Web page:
We often view truth and falsity as a binary choice. When you make a precise statement about the world, it presumably is either true or false. While this may be true, there is an example which made me think twice.What shape is the world
Throughout history many people, especially those who lived in isolated, landlocked areas thought that the world was flat. I do not think this was that foolish an idea. If you look at the world and you don’t see any ships sailing over the horizon, it seems a little a perverse to imagine it is a sphere. The world looks pretty flat. I suspect that if I lived in, say, ancient Central Asia, I would think the world to be flat.
Yet, it did not take long for people to have different ideas. Plato, although he doesn’t seem to justify this, thought that the world is a sphere. If you get up high, you can see that the world has curvature and you can see ships sail over the horizon. Furthermore, when you see a lunar eclipse, you can guess that the earth is between the sun and the moon. But, there are still lots of ideas you could come to which are all pretty reasonable. Columbus probably thought the world was pear-shaped.
…nearly a sphere?
However, this is not the whole story. Even if you claim that the world is a sphere, you are not quite right. Perhaps using some physics-based ideas, you might guess that the world is more like a slightly-squashed sphere. The equator bulges out slightly. If you do some more fancy measurement, you might find that it is more like this than a perfect sphere.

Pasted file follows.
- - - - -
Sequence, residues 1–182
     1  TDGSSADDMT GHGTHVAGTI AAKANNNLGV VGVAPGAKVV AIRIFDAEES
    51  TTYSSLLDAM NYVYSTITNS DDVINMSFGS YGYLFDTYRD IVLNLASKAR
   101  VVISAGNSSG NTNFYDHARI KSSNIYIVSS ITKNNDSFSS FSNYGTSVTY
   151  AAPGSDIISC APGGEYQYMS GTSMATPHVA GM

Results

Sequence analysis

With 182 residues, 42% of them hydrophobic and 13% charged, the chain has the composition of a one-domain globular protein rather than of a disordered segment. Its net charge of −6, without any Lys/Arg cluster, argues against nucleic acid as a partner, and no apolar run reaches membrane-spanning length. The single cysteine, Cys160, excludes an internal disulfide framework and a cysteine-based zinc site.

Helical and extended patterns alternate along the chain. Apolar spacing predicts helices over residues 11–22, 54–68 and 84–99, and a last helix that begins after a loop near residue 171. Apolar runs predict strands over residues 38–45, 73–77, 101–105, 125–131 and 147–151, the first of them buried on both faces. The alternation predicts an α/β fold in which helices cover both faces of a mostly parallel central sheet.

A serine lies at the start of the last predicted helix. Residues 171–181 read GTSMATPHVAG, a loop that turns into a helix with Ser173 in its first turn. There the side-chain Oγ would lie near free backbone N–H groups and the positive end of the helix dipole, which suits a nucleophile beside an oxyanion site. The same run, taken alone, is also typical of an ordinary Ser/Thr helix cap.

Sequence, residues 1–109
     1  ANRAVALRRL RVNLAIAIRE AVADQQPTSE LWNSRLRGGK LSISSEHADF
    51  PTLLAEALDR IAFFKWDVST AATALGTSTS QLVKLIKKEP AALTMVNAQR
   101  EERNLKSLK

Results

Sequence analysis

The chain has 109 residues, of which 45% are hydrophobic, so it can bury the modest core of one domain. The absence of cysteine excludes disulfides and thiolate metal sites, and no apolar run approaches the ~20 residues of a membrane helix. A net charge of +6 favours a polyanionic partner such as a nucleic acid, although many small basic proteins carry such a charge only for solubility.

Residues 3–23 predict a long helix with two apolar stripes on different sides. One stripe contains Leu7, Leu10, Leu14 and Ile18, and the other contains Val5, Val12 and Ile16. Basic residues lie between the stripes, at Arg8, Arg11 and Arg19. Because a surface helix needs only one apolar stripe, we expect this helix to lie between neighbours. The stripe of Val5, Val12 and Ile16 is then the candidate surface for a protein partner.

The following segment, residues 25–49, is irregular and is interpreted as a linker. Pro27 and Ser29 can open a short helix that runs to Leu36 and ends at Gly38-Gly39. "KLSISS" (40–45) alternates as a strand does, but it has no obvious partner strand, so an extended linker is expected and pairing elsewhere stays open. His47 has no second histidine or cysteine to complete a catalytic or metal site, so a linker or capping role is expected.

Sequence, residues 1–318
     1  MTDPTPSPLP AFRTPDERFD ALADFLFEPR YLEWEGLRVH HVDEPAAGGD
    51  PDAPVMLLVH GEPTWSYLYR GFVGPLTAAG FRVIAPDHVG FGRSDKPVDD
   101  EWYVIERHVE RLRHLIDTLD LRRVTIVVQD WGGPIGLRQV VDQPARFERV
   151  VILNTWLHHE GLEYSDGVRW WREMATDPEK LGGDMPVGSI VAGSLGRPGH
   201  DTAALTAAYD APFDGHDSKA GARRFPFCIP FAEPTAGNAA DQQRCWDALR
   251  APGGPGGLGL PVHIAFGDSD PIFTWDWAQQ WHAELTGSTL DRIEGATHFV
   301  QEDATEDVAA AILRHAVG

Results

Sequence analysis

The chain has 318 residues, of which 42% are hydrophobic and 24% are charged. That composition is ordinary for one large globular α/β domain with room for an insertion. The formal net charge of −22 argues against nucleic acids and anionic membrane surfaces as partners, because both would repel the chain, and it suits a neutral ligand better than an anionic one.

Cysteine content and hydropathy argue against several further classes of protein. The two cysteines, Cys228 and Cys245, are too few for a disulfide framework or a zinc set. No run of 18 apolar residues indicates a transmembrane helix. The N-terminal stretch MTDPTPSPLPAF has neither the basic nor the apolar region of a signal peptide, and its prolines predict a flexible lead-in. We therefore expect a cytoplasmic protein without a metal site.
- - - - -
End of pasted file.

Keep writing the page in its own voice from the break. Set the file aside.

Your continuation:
We can still go further! The world is not smooth. There are valleys and mountains. There are smaller bumps in the surface if we look closer. We can still get closer though. We could set up a vast network of satellites in the sky and record every nook and cranny (more commonly called Google Earth). You might be tempted at this point, perhaps, to say that the Earth is the shape described by Google Earth.
But – I think you can guess where I will go now – we are not quite there. The earth changes, very slightly, shape every second. Beaches erode and tectonic plates shift. No photo or video or static description can be quite right. Also, there is an atomic level detail which is probably impossible to reach. Yet, when I see all these description of the shape of the Earth, something troubles me. I cannot honestly say that they are all just wrong. There are shades of truth there.
The Flat-Earthers may be wrong, but only somewhat.